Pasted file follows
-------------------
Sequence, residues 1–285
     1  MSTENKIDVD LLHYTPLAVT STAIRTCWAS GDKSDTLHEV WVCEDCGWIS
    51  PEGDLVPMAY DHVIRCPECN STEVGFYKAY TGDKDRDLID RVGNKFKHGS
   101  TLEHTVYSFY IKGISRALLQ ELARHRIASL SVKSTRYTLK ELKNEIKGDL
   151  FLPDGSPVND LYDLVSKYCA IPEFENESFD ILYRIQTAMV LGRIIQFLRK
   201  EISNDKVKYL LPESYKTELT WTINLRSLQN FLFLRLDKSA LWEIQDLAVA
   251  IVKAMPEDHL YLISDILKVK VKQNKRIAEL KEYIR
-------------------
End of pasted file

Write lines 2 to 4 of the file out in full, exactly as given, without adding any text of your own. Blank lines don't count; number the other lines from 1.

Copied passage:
     1  MSTENKIDVD LLHYTPLAVT STAIRTCWAS GDKSDTLHEV WVCEDCGWIS
    51  PEGDLVPMAY DHVIRCPECN STEVGFYKAY TGDKDRDLID RVGNKFKHGS
   101  TLEHTVYSFY IKGISRALLQ ELARHRIASL SVKSTRYTLK ELKNEIKGDL